In April 2021, MHEC convened a working group of institutional, state and national leaders to help advise its efforts to develop a set of principles to improve consistency and reliability in the field for measuring cost savings and the return on investment of OER. This group will advise MHEC throughout this process. The first meeting focused on defining what we hope to accomplish, why this work is important, whom it is designed for and how we should develop the principles. The group collectively acknowledged that this is a big challenge with multiple dimensions, but also a worthwhile endeavor. Below are key themes and takeaways from the first meeting that will guide and define the scope of this work.
What are we doing and what do we need to keep in mind?
We are creating common principles to improve consistency and reliability in the field for measuring cost savings and the return on investment of OER. The final product will make it possible for someone to create and replicate a final number, whether a single number is published as part of this work will be determined through the development process.
The audience for these principles mirror’s MHEC members and the membership of other regional compacts. These members are decision-makers including legislators, system heads, institutional leadership typically asked to make decisions about resource allocation. The final product should also be accessible for students and the public who vote for or support leaders who decide on public expenditures and who make decisions about personal expenditures.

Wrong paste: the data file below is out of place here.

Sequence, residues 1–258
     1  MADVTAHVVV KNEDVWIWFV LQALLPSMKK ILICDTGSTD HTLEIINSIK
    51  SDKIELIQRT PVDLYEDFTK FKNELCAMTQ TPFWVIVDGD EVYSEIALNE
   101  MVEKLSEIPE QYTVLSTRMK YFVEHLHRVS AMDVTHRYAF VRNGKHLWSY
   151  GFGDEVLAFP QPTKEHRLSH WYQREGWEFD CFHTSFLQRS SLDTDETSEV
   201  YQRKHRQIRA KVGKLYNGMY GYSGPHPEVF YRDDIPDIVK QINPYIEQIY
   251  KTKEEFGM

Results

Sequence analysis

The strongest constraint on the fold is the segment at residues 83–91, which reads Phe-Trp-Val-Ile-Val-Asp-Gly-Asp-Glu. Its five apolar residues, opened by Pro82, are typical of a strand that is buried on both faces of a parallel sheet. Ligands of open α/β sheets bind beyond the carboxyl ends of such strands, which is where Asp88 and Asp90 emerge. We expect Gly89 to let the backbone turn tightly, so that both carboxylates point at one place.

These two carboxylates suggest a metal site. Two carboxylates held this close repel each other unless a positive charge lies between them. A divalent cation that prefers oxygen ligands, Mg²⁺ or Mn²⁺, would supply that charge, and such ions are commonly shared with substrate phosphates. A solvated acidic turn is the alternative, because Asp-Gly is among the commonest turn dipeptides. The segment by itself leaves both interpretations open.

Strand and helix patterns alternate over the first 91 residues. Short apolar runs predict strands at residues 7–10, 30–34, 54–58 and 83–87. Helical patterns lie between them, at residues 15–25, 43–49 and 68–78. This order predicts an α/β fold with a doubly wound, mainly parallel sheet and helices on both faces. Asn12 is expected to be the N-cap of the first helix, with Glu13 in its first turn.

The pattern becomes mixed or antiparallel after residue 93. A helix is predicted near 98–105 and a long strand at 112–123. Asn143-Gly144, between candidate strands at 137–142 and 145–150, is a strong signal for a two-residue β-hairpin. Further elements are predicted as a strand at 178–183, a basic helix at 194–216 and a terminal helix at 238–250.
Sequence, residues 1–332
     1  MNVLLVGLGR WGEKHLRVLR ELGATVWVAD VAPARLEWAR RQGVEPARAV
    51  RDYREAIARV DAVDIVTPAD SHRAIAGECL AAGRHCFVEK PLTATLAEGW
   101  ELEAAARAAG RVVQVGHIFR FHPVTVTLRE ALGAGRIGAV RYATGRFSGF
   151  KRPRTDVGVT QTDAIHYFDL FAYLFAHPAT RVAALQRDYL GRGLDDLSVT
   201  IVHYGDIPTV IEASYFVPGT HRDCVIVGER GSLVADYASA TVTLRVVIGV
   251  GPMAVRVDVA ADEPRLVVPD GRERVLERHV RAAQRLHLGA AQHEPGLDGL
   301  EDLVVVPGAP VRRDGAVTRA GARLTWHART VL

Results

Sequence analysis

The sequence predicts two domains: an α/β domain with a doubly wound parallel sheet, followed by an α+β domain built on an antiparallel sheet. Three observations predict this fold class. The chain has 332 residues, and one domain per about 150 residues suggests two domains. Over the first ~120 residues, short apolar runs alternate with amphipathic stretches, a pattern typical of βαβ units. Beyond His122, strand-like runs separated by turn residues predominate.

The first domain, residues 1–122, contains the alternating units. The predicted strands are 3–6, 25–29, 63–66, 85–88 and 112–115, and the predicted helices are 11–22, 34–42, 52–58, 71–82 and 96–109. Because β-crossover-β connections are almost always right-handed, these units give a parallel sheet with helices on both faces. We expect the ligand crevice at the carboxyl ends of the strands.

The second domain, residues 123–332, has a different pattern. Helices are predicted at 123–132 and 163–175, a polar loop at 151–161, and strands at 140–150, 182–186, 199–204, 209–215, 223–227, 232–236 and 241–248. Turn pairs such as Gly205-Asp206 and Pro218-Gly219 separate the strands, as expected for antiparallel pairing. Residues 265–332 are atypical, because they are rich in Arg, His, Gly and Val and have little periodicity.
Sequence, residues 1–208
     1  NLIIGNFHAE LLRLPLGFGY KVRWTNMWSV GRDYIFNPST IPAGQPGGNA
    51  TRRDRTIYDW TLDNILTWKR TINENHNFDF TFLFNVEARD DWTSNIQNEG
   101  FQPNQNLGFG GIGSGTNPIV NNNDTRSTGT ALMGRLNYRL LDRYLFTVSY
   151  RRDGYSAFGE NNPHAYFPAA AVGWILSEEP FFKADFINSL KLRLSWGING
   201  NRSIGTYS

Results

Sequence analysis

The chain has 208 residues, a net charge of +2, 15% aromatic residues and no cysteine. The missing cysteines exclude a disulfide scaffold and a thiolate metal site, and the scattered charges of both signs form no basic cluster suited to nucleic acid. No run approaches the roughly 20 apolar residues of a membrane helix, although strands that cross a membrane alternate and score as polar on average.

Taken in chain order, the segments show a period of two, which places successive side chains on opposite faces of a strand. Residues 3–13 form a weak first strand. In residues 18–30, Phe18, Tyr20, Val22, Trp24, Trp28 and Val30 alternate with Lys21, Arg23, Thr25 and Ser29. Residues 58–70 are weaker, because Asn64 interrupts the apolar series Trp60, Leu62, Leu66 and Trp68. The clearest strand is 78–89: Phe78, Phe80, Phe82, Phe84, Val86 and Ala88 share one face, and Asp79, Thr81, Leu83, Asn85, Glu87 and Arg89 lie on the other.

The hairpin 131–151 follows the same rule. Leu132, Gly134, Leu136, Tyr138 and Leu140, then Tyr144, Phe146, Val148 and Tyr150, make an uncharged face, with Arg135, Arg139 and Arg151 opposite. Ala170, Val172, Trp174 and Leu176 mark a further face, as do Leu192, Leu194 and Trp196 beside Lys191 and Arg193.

Why is it important?
- Advocates need a concise statement that clearly and accurately communicates the value of OER.
- Decision-makers need a reliable and valid way to measure the cost savings and return on investment for OER to students and their organization.
- Leaders need to understand the good work and progress already created to measure the impact of OER so that they can use it within their efforts.
- Practitioners with limited time need a short-cut to help them understand how to communicate cost-savings and the return on investment within their own OER efforts.
- We all need to ensure that OER is helping us increase higher education’s efforts to increase attainment.
|Timothy Anderson||Minnesota State||Minnesota|
|Robert Awkward||Massachussettes Department of Higher Education||Massachusetts|
|Michael Daly||State University of New York - Office of Library and Information Services||New York|
|Donna Desrochers||rpk GROUP||Maryland|
|Jeff Gallant||Affordable Learning Georgia||Georgia|
|James Glapa-Grossklag||College of the Canyons||California|
|Amy Hofer||Open Oregon Educational Resources||Oregon|
|Kendra Lake||North Central Michigan College||Michigan|
|Nancy O'Neill||University System of Maryland||Maryland|
|Judith Sebesta||Digital Higher Education Consortium of Texas||Texas|
|Eddie Watson||Association of American Colleges and Universities (AAC&U)|
Support Staff: Jenny Parks, MHEC; Katie Zaback, Zaback Consulting; Annika Many, EdBridge Partners; Tanya Spilovoy, Western Interstate Commission for Higher Education; Liliana Diaz, WICHE; Charlotte Dailey, Southern Regional Education Board (SREB); and Lindsay Gumb, New England Board of Higher Education (NEBHE).